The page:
Or­ches­tral works De­bussy spe­cial

Andrew Mcgre­gor com­pares two box sets of the com­poser’s com­plete works

BBC Music Magazine - - Debussy Special -

De­bussy The com­plete works Warner Clas­sics 9029573675 33 CDS Com­plete works Deutsche Gram­mophon 479 8642 22 CDS + 2 DVDS Here we have the com­plete works of Claude De­bussy twice – a box each from Warner Clas­sics and Deutsche Gram­mophon. These are the most com­pre­hen­sive of­fer­ings for De­bussy’s cen­te­nary, so what di­vides them, and why is one box big­ger than the other? My eyes and ears were drawn straight away by the Warner box, be­cause of the clas­sic record­ings made in the 1970s by con­duc­tor

Jean Marti­non and the Orchestre Na­tional de L’ORTF. Marti­non was part of a French per­form­ing tra­di­tion through his teach­ers Rous­sel and d’indy, and the orches­tra still sounds dis­tinctly ‘French’ with the tim­bres of the winds and horns, and gor­geous f lute so­los of Alain Mar­ion. Against which Deutsche Gram­mophon of­fers the clar­ity, ac­cu­racy and oh-so-beau­ti­fully paced ac­count of Jeux from Pierre Boulez in Cleve­land. A more in­ter­na­tional sound, but sum­ming up the mys­tery, new­ness and in­ge­nu­ity of De­bussy’s as­ton­ish­ing or­ches­tra­tions. Boulez vs Marti­non is no easy call, and Warn­ers also has Carlo Maria Gi­ulini’s clas­sic 1962 La Mer, more se­duc­tive seascapes than ei­ther Leonard Bern­stein or Her­bert von Kara­jan in the DG set.

Pi­ano mu­sic

Here Deutsche Gram­mophon looks like a run­away win­ner as there so many fine pi­anists from which to choose: Ar­turo Benedetti Michelan­geli, Jean-yves Thibaudet, Zoltán Koc­sis, Pierre-lau­rent Ai­mard, Mau­r­izio Pollini, while from the younger gen­er­a­tion there’s Rafa Blechacz, and most im­pres­sively SeongJin Cho, whose re­cent De­bussy recital has been gath­er­ing plau­dits from all quar­ters for its limpid clar­ity and sub­tle shad­ing of colour and dy­nam­ics. Warner fights back with Ai­mard’s ear­lier record­ings, and some other great De­bussyans: Aldo Cic­col­ini, Ce­cile Ous­set, Michel Béroff, the vet­eran Sam­son François, and De­bussy him­self, in his acous­tic 78s – sound­ing their age, but es­sen­tial doc­u­ments – and his pi­ano roll record­ings, with no sonic is­sues. In the duets Warner holds a cou­ple of aces: De­bussy’s tran­scrip­tions of other com­posers (and other com­posers of De­bussy), plus the great French duo of Geneviève Joy and Jac­que­line Robin-bon­neau, whose ac­count of En blanc et noir has su­perb drive and en­sem­ble.

Choral & song

Ah, the songs. Where to be­gin? It would take the rest of the page just to list the singers and pi­anists, so suf­fice it to say that both boxes of­fer great range and va­ri­ety. There’s more in­trigue around the choral mu­sic; both boxes have li­cenced the same record­ing of De­bussy’s Prix de Rome can­tatas The Gla­di­a­tor and The Prodi­gal Son, con­ducted by Hervé Ni­quet. But Warner has a first record­ing of Chan­son de brises, early De­bussy from 1882 for women’s voices and pi­ano duet, per­formed from an un­pub­lished proof: a de­light­ful dis­cov­ery.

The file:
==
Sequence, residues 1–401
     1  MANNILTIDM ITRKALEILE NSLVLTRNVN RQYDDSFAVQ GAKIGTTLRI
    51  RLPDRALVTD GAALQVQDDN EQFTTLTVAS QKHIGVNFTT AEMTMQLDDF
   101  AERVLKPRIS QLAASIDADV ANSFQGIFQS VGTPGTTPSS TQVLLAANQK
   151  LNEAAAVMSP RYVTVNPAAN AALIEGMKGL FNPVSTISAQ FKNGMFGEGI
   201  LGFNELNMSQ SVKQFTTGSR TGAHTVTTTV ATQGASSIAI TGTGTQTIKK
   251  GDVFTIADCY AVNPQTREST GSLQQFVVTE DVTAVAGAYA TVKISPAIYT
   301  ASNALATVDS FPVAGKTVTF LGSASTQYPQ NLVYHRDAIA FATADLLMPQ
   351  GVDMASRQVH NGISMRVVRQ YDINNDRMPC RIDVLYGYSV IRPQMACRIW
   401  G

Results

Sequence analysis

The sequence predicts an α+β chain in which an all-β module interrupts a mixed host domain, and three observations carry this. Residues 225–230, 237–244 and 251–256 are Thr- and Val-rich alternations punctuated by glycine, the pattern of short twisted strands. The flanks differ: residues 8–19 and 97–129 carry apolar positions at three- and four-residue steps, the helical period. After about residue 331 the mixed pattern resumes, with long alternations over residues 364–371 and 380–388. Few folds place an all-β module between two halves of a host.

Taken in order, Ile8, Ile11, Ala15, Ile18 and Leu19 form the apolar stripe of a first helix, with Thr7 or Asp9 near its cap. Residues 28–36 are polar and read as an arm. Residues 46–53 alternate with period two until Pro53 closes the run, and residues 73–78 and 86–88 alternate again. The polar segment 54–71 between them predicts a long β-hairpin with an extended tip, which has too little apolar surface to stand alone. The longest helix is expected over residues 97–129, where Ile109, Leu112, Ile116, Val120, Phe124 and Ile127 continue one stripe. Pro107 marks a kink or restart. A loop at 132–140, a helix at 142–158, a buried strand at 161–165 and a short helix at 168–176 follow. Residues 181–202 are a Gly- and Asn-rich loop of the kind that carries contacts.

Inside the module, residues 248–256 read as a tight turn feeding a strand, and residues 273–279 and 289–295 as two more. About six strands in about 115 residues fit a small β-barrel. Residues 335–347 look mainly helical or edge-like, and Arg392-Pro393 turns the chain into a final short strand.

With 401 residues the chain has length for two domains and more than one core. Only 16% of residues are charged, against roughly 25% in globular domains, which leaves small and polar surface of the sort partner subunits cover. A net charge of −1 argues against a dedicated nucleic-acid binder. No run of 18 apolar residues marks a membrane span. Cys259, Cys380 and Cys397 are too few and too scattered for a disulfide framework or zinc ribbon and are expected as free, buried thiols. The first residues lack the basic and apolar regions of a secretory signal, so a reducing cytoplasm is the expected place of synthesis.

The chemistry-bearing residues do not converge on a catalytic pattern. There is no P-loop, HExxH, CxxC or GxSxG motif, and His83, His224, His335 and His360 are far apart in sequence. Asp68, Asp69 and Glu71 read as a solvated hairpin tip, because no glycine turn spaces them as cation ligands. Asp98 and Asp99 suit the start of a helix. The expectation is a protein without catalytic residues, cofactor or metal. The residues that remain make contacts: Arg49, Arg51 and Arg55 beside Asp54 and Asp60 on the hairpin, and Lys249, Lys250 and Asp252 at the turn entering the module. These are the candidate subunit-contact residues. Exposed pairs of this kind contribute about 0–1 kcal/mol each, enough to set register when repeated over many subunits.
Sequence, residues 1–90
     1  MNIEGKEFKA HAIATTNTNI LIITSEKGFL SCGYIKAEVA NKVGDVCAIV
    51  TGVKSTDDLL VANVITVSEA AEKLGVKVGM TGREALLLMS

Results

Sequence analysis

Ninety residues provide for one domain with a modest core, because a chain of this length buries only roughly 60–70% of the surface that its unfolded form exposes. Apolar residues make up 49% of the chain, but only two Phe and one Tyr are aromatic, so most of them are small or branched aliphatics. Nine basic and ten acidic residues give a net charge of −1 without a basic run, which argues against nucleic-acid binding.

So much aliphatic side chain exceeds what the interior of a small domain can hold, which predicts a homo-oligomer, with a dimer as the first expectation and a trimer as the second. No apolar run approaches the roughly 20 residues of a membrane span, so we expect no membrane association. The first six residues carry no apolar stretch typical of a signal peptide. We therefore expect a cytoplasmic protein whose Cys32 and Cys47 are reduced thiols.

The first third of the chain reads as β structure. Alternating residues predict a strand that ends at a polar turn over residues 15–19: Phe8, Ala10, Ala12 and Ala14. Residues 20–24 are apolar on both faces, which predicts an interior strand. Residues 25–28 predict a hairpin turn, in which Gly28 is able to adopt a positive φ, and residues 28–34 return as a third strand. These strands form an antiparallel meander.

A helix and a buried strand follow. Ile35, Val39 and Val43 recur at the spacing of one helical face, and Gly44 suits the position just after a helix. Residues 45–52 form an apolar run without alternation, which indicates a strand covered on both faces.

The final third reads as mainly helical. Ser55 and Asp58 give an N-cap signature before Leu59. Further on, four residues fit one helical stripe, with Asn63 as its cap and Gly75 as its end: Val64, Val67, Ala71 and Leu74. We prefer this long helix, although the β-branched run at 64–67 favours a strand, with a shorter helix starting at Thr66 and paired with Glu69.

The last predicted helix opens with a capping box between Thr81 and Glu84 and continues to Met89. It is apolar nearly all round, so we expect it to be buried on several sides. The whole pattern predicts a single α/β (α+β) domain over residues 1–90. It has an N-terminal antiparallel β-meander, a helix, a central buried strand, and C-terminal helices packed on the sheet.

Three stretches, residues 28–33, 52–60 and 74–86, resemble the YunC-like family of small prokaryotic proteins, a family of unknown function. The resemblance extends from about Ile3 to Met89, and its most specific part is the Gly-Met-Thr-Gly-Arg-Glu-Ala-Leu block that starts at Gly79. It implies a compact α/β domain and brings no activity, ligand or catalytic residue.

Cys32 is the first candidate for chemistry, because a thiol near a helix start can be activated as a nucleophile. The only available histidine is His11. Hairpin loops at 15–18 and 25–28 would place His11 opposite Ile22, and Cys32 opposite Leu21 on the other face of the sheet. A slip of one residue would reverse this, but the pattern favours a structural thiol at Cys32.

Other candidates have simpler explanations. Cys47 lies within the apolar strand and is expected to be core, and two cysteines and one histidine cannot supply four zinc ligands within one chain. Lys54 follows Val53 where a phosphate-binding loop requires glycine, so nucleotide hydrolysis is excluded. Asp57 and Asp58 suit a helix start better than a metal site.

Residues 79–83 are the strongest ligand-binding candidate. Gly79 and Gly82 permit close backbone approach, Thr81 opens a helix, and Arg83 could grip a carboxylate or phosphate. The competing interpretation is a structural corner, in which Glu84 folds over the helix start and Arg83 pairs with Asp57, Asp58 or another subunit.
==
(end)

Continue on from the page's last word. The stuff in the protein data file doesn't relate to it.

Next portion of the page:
Cham­ber mu­sic

Hon­ours equal here I think; Warn­ers has Renaud Capuçon and friends in their ex­cel­lent re­cent Erato record­ing, and the su­perb Ebène Quar­tet, while DG has the Emer­sons at their best, and vi­o­lin­ist Anne-so­phie Mut­ter and pi­anist Lam­bert Orkis in the Vi­o­lin Sonata – in­tensely re­ward­ing. Sadly Ye­hudi Menuhin and Jac­ques Février for Warn­ers are no com­pe­ti­tion.

Opera

DG seems to have this one in the bag, with two fine ac­counts of Pel­léas et Mélisande: Clau­dio Ab­bado’s Vi­enna record­ing on CD with so­prano Maria Ewing and bari­tone François le Roux, more vis­ceral than Pierre Boulez filmed on DVD at Welsh Na­tional Opera with Ali­son Ha­gley and

Neill Archer, clear and in­ti­mate. Both su­pe­rior to Ar­min Jor­dan for Warn­ers, but their trump card is another opera: De­bussy’s three act Ro­drigue et Chimène, a ver­sion of El Cid he aban­doned to work on Pel­léas. Kent Nagano’s Lyon Opera record­ing of the com­ple­tion is more than a cu­rios­ity, and def­i­nitely worth in­clud­ing – another rea­son there are more CDS in the Warner set, a whole ex­tra opera. There are also those his­toric De­bussy record­ings on the last disc in the set (in­clud­ing De­bussy ac­com­pa­ny­ing his orig­i­nal Mélisande, so­prano Mary Gar­den – two min­utes of tan­ta­lis­ing time travel).

The ver­dict

It’s not sim­ple, is it? Deutsche Gram­mophon seems more at­trac­tive at first glance for the mod­ern in­ter­preters and record­ing qual­ity, from Boulez to all those pi­anists, plus Pel­léas on CD and DVD. They also in­clude all the sung texts and trans­la­tions which Warner Clas­sics doesn’t. But that’s where you’ll find the ex­tras: the world pre­miere, the ar­range­ments, the un­fin­ished opera and more clas­sic and his­toric record­ings. One thing’s for sure: in­vest in ei­ther set, and you’ll be able to spend many hours re­mind­ing your­self of the in­ge­nu­ity and orig­i­nal­ity of De­bussy, one of the great­est of French com­posers.

Seek­ing in­spi­ra­tion: De­bussy be­side the River Marne in 1895

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